Professional backgammon player Roderick ‘Rod’ Covlin was sentenced to 25 years to life in prison on Wednesday for murdering his estranged finance executive wife a decade ago.
Dressed in a white button-down shirt, the 46-year-old defendant broke down in tears and while photographed wiping his eyes with a tissue while listening to his mother, Carol, speak before learning his fate in State Supreme Court.
A jury in March found Covlin guilty of second-degree murder in the death of Shele Danishefsky Covlin, 47, who was found strangled in the blood-filled bathtub of her Upper West Side apartment on New Year’s Eve in 2009.
Defense lawyer Robert Gottlieb says Covlin plans to appeal the verdict.
Crocodile tears: Convicted wife killer Roderick Covlin, 46, cries at his sentencing hearing on Wednesday
This is the moment Covlin hears his sentence of 25 years to life for his wife’s murder Wednesday
Covlin was found guilty in March (pictured in court, left) of strangling to death his estranged wife, Shele Danishefsky Covlin (pictured together, right), in 2009
Covlin grows emotional hearing his mother speak at the sentencing
Rod and Shele were locked in a bitter divorce and custody battle over their children, and prosecutors argued that the husband was afraid that his UBS executive wife would cut him out of her $5.3million will.
On New Year’s Day, Danishefsky Covlin had been scheduled to meet with an attorney to change her will.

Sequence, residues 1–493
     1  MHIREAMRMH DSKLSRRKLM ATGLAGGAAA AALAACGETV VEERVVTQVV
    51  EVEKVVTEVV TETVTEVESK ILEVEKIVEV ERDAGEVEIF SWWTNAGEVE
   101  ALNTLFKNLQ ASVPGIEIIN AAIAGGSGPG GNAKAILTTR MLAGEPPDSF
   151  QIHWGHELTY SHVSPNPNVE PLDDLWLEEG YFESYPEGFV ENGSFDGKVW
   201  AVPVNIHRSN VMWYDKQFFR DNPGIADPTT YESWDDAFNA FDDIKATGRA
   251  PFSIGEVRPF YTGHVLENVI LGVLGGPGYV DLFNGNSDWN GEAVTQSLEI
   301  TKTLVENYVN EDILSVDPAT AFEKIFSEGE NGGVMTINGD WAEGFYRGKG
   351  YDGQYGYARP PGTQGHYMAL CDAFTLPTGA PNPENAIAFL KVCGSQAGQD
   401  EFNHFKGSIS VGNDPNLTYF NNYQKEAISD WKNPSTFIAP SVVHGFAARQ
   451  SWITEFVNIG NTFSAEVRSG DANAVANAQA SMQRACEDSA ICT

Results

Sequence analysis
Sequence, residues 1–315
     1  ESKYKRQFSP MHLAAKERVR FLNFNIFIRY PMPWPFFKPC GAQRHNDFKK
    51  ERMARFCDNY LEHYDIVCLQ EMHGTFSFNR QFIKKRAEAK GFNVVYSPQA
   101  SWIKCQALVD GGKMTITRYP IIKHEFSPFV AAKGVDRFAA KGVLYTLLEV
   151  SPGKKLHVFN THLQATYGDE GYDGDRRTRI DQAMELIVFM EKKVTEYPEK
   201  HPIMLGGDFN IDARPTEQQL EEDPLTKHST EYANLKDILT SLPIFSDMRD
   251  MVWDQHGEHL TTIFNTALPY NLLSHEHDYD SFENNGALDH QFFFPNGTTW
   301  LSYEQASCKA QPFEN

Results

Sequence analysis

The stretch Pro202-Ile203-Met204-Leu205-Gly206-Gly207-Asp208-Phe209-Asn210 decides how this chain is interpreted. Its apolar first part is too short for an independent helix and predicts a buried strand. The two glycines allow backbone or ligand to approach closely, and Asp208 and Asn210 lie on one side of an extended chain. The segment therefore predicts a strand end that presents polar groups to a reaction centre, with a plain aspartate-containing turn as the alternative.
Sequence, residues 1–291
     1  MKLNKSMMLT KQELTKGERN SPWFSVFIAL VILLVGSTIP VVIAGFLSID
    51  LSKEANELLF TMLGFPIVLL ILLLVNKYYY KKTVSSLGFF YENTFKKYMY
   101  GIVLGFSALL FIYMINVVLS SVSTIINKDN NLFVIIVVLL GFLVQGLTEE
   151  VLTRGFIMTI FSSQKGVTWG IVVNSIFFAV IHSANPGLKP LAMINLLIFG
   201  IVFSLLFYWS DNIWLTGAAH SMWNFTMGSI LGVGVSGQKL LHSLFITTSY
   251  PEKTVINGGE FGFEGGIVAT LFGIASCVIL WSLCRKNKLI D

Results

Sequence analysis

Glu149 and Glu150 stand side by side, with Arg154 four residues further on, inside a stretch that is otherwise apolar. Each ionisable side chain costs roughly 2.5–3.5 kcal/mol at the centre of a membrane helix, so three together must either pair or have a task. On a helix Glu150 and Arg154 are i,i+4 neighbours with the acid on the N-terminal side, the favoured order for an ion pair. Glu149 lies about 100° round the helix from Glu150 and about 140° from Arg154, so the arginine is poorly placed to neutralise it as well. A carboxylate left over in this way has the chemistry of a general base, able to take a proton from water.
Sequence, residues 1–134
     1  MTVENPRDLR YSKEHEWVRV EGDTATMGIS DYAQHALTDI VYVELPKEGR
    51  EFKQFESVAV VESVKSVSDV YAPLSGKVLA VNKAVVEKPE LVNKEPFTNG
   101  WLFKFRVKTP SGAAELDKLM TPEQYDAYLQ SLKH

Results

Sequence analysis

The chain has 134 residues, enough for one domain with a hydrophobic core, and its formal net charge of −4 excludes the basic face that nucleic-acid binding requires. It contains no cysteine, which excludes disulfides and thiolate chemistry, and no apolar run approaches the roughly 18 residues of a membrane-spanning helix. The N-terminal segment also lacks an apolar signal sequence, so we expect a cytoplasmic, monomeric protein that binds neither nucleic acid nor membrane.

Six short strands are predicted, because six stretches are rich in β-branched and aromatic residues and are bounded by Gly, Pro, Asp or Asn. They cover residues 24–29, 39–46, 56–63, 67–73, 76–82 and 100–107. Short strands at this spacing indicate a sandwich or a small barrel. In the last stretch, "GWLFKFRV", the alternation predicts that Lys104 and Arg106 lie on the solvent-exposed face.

Police initially thought Danishefsky Covlin’s death an accident. For religious reasons her Orthodox Jewish family objected to an autopsy. But as suspicions mounted her body was exhumed and the medical examiner determined she’d been strangled.
Covlin, who helped found the US Backgammon Federation, was charged in Danishefsky Covlin’s death in 2015, two months before he was to receive a settlement in a lawsuit over a $1.6million life insurance policy on his late wife.
He denied killing her, claiming that he performed CPR on her and called 911 for help.
UBS executive Shele Danishefsky (pictured) was in the midst of divorcing her husband Rod Covlin when he murdered her on December 31, 2009
At Covlin’s sentencing Wednesday, the victim’s family were given a chance to deliver impact statements describing their anguish and their rage.
‘The existence of Rod Covlin is the strongest argument there is for the death penalty,’ Shele’s brother Fred Danishefsky said. ‘He is an evil predator in the strongest sense of those two words.’
Shele and Rod’s children, Myles, who was two years old at the time of his mother’s death, and Anna, who was nine, also addressed the court, defending their father.
Anna, who found her mother’s lifeless body in the tub, described her father as ‘one of the most caring and loving people’ she knows,’ according to the New York Daily News.
Her brother, now aged 12, begged the judge for leniency and professed his love for his father, as the New York Post reported.